Most older Leasehold properties are on a long lease, many being 999 year. However, newer properties can be on shorter leases of 250 or 99 years and have unfair rent reviews that can mean that the rent can be doubled every few years.  Hopefully the Government’s announcement will bring an end to this unfair practice.

If this has affected you, contact Sammy-Jo Woodward, solicitor or Caroline Rooks / John Petrie, Partners at MBH Solicitors, to discuss your conveyancing needs at: Tel: 01942 206060 Address: 26 Bridgeman Terrace, Wigan WN1 1TD

Twitter: @MBHSolicitors


With effect from November 2019 you will not be able to open a Help to Buy ISA account.  However if you already have a Help to Buy ISA you will have until December 2030 to claim the bonus.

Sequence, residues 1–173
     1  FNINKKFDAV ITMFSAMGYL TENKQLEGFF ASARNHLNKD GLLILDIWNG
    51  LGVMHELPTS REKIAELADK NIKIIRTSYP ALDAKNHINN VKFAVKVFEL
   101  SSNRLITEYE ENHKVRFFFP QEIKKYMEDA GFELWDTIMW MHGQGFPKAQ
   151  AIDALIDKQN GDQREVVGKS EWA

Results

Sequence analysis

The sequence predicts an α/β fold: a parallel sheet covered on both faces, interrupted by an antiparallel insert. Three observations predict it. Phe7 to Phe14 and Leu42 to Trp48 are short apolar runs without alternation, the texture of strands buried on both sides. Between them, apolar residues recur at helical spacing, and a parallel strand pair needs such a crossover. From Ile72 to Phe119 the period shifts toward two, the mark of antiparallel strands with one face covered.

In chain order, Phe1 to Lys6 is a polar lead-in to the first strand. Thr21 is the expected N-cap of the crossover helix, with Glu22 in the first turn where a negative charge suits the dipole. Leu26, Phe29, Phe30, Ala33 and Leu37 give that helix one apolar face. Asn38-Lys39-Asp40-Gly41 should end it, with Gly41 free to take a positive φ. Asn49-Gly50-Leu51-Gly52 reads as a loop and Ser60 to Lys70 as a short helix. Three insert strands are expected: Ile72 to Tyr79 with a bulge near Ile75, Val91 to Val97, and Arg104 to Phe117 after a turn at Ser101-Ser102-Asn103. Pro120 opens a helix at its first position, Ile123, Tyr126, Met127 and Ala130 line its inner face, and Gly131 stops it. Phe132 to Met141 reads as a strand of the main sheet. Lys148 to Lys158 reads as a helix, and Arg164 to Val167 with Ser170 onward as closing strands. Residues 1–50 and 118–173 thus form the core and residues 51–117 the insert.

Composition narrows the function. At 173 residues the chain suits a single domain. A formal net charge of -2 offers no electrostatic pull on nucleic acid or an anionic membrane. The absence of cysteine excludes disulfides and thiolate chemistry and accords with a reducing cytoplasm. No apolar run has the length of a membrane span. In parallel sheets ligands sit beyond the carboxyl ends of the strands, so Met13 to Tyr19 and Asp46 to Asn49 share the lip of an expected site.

We find that some clients struggle with how the help to buy ISA’s work and we have therefore produced a guide as to the Help to Buy ISA below:

In order to claim the Help to Buy ISA bonus you must first qualify for it.   The following must be applicable:

  1. The property must be in the UK
  2. The purchase price must not be more than £250,000 ( or up to £450,000 in London )
  3. The property must be the only home you own
  4. The property must be your main residence.
  5. The property must be purchased with a mortgage

Once you have qualified for the bonus you can then continue to save and also continue to as well during the conveyancing (legal) process which you will begin once you have decided on a property to purchase.